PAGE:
Memphis Man Who Discovered Elvis Dies
Sun Music founder Sam Phillips, 80, who is credited for launching rockabilly music as well as the legendary careers of Elvis Presley and Johnny Cash in the '50s, died Wednesday at Memphis's St. Francis Hospital, reports Reuters. No cause of death was reported.
Besides Presley, who was inarguably the Alabama-born Phillips's biggest discovery, the record genius is also credited with jumpstarting the careers of Carl Perkins, Jerry Lee Lewis, Charlie Rich and Roy Orbison. Cash developed his distinctive "boom chicka boom" sound in the Sun studios too.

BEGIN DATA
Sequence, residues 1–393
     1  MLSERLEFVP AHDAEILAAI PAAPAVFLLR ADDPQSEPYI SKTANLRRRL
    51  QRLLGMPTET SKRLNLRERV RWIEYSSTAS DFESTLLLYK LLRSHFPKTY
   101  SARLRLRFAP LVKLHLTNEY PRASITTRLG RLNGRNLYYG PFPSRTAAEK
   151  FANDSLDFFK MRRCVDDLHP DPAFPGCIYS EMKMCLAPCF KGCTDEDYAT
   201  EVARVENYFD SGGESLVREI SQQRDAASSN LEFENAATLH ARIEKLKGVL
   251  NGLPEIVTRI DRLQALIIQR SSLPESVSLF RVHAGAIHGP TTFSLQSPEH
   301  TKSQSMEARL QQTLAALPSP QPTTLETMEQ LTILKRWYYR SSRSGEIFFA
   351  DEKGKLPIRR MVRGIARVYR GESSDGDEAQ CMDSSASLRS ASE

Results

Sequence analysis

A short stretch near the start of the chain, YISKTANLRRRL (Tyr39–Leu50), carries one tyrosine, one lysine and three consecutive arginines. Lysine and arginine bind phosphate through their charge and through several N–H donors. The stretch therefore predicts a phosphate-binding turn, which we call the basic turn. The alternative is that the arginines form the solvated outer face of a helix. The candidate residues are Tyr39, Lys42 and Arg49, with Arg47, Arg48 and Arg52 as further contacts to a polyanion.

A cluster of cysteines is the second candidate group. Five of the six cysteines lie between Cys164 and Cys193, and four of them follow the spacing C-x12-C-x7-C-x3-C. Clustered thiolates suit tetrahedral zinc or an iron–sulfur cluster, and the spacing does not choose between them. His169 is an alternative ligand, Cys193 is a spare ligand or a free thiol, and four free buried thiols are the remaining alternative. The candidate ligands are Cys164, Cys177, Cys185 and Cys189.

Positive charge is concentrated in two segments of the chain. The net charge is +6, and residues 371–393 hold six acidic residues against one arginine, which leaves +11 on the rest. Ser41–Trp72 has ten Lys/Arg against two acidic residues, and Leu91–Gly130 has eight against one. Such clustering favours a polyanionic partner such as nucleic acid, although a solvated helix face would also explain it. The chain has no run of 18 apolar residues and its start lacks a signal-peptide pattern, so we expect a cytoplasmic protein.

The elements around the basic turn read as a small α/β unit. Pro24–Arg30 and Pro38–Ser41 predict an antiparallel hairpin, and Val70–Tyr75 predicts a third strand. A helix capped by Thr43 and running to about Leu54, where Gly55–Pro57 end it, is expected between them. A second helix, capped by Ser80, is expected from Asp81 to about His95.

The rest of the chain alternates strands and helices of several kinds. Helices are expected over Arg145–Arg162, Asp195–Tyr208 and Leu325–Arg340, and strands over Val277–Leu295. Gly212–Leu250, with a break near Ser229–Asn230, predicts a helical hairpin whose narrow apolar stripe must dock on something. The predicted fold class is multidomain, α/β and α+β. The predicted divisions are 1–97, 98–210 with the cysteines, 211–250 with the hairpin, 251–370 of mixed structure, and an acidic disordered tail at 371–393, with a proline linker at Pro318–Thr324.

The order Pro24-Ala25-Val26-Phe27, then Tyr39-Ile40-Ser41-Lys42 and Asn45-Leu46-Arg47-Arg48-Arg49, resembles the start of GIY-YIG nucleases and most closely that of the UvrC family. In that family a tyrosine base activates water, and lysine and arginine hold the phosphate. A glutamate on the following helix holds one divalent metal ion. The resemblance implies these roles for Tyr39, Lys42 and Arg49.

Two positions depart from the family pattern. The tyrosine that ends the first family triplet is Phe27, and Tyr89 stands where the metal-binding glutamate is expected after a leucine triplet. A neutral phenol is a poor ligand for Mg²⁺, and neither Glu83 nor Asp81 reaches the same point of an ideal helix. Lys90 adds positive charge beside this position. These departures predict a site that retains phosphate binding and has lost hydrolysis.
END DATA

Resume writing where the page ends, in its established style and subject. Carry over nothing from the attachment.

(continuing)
As for Elvis, his start came the day in 1954 that he wandered into Phillips's little nondescript studios in Memphis, wanting to make a recording for his mother. Phillips reportedly dissuaded the future King from singing the hymn Elvis had in mind, and instead had him record "That's All Right, Mama."
In his later years, the modest Sun Studios, which was first founded in 1952, became a tourist destination. Visitors could observe the old-fashioned recording equipment still intact, the glass window behind which Phillips sat and the original microphones that captured the voices of unknowns on their way to becoming enduring stars.
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